Eurice William Treece
- Bats Both, Throws Right
- Height 5' 10", Weight 185 lb.
- Born ~1924
Pitcher Pete Treece began his career with the 1946 Mount Airy Graniteers, going 13-9 with a 4.08 ERA and leading the Blue Ridge League with 92 earned runs allowed. He improved to 20-12, 3.91 the next season and led the BRL in victories. In '48, Treece kept getting better, going 16-10 with a 2.51 ERA; he was third in the league in victories and either first or second in ERA. The 1949 season was his fourth in a row with the Graniteers and he had a 21-8, 3.01 campaign, leading the circuit in wins for a second time.
In 1950, Pete worked for the Hickory Rebels (4-8, 5.51) and the Morganton Aggies (7-4, 4.38). For Morgantown in '51, the moundsman had a 25-10, 3.30 year. He led the Western Carolina League in victories, by a margin of 5, and was in the top five in ERA. In six pro seasons, he had led his loop in wins three times.
In 1952, he went 14-12, 2.63 for Morgantown and was second in the WCL in strikeouts (169) and fourth in ERA. He also went 4-0 for the Charlotte Hornets (his ERA was 2.15). In '53, he was 9-7 with a 4.08 ERA for Charlotte and got no decisions for the AA Chattanooga Lookouts, with a 11.25 ERA in his only brief glimpse of that level of play.
Treece went 26-15 for the Rock Hill Chiefs in 1954 with a 3.64 ERA and, for the fourth time in his career, had the most victories in his league. Amazingly, he also led the Tri-State League in losses. In '55, he was 0-1 for Charlotte and 17-9, 3.78 for Rock Hill. He had a fifth win title. He finished his career with the 1956 High Point-Thomasville Hi-Toms, going 3-6 with a 4.06 ERA.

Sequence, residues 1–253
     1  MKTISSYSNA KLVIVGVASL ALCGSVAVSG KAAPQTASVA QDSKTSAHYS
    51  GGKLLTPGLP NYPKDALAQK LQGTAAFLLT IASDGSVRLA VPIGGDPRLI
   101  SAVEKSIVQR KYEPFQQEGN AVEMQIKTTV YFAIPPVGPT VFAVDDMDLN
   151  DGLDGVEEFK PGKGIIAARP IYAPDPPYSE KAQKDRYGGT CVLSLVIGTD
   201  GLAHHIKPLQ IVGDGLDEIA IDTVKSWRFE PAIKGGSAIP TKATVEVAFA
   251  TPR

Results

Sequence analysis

Overall, Pete Treece was 179-111 in his professional baseball career.
Eurice "Pete" Treece was a veteran pitcher on the 1955 Rock Hill Chiefs of the Class B Tri-State League. He was a stocky athlete of about average height (or just below) as I remember him, as I also was a right handed pitcher on the team. Pete led the team in victories with about 15, even though the Chiefs were a last place team. I believe he had pitched for the Class A Charlotte team ("Hornets ?") previously, and for several other teams during his career. He was a right-handed pitcher, and significantly, had only one eye. Despite this handicap, Pete was very effective as a successful pitcher. He was a mature pitcher in 1955 and had good poise on the mound. He was an intelligent pitcher with a good hard fastball, and I think he had good control of his pitches, as I remember. I think that when he was younger, he would have been considered a power pitcher. Pete was also a "workhorse" and could pitch many innings. I believe his hometown was Mt. Airy, North Carolina. Pete was very competitive, and liked to pitch and win, I think, for his entire career. Pete played many years in the minor leagues, and I do not know whether he ever pitched in the major leagues. When I knew him in Rock Hill, the team had a working arrangement with the Washington Senators.